When I ran out of inspiration, I pulled out old picture albums of my life during those years and later found two cassette tapes I had made while in Costa Rica and had sent home to my parents.  I'm really grateful my mom kept those letters and cassette tapes.  What a blessing. I could not have written this manuscript without them.

On July 1, 2011, at 5:00 p.m., I typed in the final "." and screamed, "I'm done!"  Hank made margaritas to celebrate.  Believing "I'm done," was just as naive as believing Oprah Winfrey was going to invite me to jump on her couch.

I have heard it said, and now believe, that you will spend 20% of your time writing your manuscript and the other 80% of your time editing it. Yep, that's what happens.  With help from my editing groups, I had edited every word in the manuscript by July 1st, and found it pleasing. My editing group found more errors. I rewrote.  I found the rewrite pleasing.  Then, my writing buddy Leo, found huge gaps in logic and style and I had to agree with him.  I rewrote. I found the rewrite pleasing.  Then, I went to meet with a manuscript analyst - Sue Clark.  I call her my "Book Doctor."  Guess what? You got it . . . I'm re-writing.  

"Are you done yet?" my friends want to know.   Almost.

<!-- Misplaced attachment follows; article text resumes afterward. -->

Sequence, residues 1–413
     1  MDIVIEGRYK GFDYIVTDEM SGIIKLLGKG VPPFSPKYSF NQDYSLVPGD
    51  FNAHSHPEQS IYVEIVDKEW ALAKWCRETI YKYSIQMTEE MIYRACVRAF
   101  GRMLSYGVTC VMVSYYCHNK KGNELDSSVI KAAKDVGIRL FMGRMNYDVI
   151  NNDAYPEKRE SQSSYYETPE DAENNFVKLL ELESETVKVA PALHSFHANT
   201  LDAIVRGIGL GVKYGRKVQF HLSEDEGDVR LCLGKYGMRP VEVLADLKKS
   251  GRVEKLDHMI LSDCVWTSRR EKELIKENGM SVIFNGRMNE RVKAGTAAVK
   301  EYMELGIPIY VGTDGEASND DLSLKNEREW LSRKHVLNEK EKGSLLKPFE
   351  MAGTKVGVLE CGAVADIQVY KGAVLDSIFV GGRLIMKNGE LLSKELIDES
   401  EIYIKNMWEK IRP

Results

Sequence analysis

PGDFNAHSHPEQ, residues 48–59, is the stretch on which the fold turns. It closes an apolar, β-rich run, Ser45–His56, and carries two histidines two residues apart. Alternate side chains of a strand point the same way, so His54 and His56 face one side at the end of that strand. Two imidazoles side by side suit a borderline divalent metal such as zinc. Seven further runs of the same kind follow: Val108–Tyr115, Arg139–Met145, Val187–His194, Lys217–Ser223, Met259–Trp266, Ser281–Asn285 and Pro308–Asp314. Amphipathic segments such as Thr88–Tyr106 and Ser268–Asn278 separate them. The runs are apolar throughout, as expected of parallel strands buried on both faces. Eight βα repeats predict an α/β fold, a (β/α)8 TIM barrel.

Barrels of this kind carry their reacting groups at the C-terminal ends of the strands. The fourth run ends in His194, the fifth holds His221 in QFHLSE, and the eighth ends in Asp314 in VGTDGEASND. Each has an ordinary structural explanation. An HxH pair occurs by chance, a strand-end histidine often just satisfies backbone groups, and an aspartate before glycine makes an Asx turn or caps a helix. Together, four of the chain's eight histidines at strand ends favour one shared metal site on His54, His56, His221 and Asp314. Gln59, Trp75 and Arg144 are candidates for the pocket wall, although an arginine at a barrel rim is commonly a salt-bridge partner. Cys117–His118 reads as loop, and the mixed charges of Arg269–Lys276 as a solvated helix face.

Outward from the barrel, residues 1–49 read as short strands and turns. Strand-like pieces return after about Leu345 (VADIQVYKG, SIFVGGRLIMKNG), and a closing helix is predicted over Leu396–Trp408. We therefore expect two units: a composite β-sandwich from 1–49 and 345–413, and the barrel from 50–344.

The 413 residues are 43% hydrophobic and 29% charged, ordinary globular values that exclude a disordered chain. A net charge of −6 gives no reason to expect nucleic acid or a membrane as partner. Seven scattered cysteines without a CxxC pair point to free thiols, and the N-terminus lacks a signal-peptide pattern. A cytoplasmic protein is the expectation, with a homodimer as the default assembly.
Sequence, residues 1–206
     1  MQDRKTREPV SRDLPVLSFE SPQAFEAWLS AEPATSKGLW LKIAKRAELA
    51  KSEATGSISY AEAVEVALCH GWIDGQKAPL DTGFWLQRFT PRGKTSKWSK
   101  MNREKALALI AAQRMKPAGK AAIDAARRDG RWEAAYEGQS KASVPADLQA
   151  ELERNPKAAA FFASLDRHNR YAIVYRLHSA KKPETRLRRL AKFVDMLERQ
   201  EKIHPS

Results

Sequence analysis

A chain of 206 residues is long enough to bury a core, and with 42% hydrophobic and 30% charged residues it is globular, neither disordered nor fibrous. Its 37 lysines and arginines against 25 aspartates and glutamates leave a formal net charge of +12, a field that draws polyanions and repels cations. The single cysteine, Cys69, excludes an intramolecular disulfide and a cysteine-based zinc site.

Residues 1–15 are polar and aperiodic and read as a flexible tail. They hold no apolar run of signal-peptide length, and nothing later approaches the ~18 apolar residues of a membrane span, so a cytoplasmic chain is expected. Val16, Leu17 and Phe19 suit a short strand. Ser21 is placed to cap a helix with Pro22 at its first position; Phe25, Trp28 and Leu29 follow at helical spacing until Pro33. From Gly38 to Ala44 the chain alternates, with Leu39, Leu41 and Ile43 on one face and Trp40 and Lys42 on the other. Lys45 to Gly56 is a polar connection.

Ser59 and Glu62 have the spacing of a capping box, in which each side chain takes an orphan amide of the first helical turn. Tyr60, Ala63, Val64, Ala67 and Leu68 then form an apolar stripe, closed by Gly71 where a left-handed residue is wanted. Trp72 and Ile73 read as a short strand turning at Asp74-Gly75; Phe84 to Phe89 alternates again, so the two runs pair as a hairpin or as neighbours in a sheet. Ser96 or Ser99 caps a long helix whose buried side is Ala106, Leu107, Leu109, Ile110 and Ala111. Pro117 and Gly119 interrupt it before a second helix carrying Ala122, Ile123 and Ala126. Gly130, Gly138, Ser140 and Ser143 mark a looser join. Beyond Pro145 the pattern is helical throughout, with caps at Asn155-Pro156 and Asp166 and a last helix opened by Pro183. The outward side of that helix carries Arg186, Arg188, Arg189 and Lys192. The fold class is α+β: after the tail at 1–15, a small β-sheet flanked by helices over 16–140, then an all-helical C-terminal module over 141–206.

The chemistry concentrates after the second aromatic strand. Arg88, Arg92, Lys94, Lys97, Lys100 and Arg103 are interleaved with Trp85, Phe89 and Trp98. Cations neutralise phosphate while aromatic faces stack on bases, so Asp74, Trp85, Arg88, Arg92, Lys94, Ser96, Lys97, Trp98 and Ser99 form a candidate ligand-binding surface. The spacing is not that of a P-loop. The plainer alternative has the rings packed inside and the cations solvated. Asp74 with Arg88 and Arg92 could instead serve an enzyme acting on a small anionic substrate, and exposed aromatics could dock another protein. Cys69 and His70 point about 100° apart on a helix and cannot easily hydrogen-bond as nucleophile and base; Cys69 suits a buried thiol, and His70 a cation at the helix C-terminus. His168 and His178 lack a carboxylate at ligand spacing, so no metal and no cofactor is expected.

Sunday, October 2, 2011

Why Did I Write a Memoir?

I led a very interesting life. Not a normal life by most people's standard but it's mine.  Throughout the years, when asked about my life, I would share bits and pieces. The response was always, "Wow, you should write a book."  Yes, I thought, some day I'll write about my drug use and bad choices. I'll write about being beat up by a pimp, wanting to end my life, joining a religious commune and eventually establishing Costa Rica's first Christian half-way house for street girls. 

Working full-time and raising four incredible children, who are now incredible young adults, did not leave me time to write.  But then -- I found retirement and a great writers group here at Lincoln Hills.  I didn't think I had 50 pages in me to write. The writers group, and later the small editing group I joined, encouraged me to keep writing.  I now have close to 400 pages.

Writing a memoir probes the recesses of the mind, including all the hidden places that scream out, "I don't want to remember this!"  But it's also therapeutic and exhilarating.  This 18 month writing journey has allowed me to explore, remember and feel.  And put on paper those memories and feelings.  The experience opened doors for me to reunite with girls from the half-way house in Costa Rica and heal past hurts.